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Three university parapsychologists lose a research grant when their experiment methodology is proven to be bogus. The team decides to go into business for themselves as "Ghostbusters", a ghost removal service. After struggling to get on their feet, they are ummoned to investigate the strange happenings in a woman's Central Park West apartment. What they discover is that all Manhattan is being besieged by ghosts and other worldly demons through a portal in her building.
For more about Ghostbusters and the Ghostbusters Blu-ray release, see Ghostbusters Blu-ray Review published by Martin Liebman on May 15, 2013 where this Blu-ray release scored 3.5 out of 5.
Starring: Bill Murray, Dan Aykroyd, Harold Ramis, Ernie Hudson, Sigourney Weaver, Rick Moranis
Director: Ivan Reitman
» See full cast & crew
Ghostbusters Blu-ray Review
A stepping stone to a new era of movie watching at home.
Reviewed by Martin Liebman, May 15, 2013
Why worry? Each of us is wearing an unlicensed nuclear accelerator on his back.
Released both at the peak of the last great age of Comedy and featuring three of the funniest of all the funny men in the business, 1984's Ghostbusters delivers a deliciously over-the-top and completely inane movie experience that remains one of the greats of the genre. Molding the laughs in the context of a special effects-laden supernatural extravaganza, Ghostbusters earns its hearty hysterics through a unique incorporation of dialogue and visual gags that overpower the deadly-serious nature of a story that dabbles in Biblical prophecy and other assorted end-of-the-world pleasantries. Combined with absurd plot devices that work wonderfully in the spirit of the film and the conglomeration of zany one-liners, physical humor, and over-the-top performances, it's no wonder audiences time and again call on Ghostbusters for gut-busting entertainment.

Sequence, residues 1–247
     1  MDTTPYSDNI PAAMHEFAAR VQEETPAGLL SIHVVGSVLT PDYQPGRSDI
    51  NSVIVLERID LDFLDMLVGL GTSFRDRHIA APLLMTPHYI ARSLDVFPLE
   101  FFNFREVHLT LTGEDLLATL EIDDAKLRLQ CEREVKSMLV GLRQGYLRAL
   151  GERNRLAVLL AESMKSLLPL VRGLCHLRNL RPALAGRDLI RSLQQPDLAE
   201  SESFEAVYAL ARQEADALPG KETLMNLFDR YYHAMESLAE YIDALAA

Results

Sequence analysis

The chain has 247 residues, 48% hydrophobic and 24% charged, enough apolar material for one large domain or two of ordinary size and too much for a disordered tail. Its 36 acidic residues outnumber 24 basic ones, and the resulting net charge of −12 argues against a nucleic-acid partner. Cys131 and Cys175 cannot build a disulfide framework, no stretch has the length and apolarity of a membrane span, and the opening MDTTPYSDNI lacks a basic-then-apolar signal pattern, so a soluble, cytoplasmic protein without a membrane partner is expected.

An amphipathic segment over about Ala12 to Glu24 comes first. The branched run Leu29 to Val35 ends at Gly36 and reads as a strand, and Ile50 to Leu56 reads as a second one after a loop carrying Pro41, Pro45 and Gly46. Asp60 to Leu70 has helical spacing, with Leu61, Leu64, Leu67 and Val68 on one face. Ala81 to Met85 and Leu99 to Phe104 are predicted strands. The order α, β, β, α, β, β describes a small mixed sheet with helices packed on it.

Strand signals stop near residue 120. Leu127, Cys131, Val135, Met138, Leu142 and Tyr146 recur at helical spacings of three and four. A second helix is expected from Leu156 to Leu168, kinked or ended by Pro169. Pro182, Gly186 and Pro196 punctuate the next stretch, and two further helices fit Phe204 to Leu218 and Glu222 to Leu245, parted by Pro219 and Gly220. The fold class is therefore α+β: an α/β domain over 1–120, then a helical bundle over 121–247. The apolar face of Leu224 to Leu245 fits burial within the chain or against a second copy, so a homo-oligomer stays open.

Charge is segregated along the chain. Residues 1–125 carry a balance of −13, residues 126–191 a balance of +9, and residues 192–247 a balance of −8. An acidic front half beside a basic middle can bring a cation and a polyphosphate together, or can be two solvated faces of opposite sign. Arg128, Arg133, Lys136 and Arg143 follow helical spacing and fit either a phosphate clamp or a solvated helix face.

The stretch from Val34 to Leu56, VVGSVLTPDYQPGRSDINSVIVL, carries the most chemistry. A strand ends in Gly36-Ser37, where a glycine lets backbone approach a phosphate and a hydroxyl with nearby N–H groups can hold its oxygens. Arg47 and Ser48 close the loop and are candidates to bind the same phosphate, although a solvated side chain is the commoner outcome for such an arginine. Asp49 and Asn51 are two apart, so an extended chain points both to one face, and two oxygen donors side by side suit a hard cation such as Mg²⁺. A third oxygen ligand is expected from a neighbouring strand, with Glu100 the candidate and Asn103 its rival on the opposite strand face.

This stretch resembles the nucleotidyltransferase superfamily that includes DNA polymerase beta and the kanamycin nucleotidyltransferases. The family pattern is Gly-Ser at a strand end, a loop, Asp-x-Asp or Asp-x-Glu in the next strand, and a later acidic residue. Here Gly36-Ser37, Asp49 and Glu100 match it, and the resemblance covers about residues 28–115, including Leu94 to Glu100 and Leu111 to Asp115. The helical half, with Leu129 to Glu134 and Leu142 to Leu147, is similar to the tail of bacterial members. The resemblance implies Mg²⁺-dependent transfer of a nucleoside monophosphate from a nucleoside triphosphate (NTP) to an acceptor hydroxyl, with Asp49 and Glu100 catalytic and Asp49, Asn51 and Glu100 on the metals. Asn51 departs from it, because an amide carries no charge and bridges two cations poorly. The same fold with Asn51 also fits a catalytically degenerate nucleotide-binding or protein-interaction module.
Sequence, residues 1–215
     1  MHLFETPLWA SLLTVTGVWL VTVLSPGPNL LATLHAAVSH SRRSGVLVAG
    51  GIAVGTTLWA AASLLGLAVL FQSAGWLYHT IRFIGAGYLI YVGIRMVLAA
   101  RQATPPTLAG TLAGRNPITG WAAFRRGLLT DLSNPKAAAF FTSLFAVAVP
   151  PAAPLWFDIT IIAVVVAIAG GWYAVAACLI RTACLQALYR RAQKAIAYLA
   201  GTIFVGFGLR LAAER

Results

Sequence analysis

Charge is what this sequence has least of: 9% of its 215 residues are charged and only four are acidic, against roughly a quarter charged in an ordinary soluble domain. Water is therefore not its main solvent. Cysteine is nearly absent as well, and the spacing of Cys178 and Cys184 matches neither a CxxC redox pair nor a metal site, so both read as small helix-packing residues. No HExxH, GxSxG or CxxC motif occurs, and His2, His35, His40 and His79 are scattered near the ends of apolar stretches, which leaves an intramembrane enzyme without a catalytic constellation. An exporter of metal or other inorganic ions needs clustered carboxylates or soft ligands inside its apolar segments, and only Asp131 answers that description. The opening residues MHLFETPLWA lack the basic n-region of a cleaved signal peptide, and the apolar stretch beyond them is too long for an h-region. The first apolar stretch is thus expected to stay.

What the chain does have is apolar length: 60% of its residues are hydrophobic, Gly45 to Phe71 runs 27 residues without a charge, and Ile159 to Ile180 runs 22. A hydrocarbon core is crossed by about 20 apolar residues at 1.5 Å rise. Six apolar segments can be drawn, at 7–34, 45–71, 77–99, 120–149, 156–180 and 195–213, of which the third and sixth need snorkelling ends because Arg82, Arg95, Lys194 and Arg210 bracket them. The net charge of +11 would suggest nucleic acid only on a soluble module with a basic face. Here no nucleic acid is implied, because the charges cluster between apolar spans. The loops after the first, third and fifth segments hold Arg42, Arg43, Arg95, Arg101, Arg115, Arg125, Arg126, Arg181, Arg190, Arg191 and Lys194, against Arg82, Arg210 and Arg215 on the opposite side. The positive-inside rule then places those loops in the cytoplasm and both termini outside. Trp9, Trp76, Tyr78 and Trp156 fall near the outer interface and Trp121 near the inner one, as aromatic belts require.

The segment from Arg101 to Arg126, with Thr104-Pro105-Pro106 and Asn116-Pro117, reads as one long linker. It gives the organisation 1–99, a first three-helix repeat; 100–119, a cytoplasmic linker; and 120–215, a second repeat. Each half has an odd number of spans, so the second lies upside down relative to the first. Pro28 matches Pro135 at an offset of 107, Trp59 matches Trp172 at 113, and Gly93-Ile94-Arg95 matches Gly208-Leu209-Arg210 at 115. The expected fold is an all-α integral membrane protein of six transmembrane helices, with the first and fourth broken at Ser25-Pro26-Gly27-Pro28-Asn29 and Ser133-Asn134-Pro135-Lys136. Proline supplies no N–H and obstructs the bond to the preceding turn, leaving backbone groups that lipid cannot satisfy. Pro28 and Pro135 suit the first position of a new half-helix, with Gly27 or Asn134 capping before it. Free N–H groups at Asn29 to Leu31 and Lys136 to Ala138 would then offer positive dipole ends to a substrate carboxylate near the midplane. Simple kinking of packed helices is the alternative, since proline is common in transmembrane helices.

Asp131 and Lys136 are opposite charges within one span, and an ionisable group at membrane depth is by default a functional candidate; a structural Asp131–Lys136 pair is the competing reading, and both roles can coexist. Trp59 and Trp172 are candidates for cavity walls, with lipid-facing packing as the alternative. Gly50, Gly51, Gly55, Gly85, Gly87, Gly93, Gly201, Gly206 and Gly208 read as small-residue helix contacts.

On the verge of a breakthrough in their analysis of paranormal activity, university scientists Dr. Peter Venkman (Bill Murray, Groundhog Day), Dr. Raymond Stantz (Dan Aykroyd, Tommy Boy), and Dr. Egon Spengler (Harold Ramis, Stripes) need only additional funding to finally lend credibility and validity to their studies. Unfortunately, Venkman is summarily dismissed from the university for his ineptitude as a "poor scientist." Never one to accept defeat, Venkman convinces his cohorts to form the Ghostbusters, a team of supernatural exterminators who hope to tap a wide-open market and rid the city of its unwanted specters. Though equipped with a refurbished fire station, a secretary, a car, and advanced ghost-catching technology, the team receives nary a phone call for their services until a New York urbanite, Dana Barrett (Sigourney Weaver, Galaxy Quest), finds inside her refrigerator a door to another dimension. It turns out that her building is a hub for paranormal activity, and waiting there to be unleashed is Zuul, an ancient demigod with an 80s hairdo. With the number of paranormal occurrences increasing at an alarming rate, the team hires a fourth member, Winston Zeddmore, (Ernie Hudson, The Hand That Rocks the Cradle), in hopes of standing a fighting chance of keeping New York City free of ghosts, ghouls, demons, and other assorted entities that would cripple The City that Never Sleeps.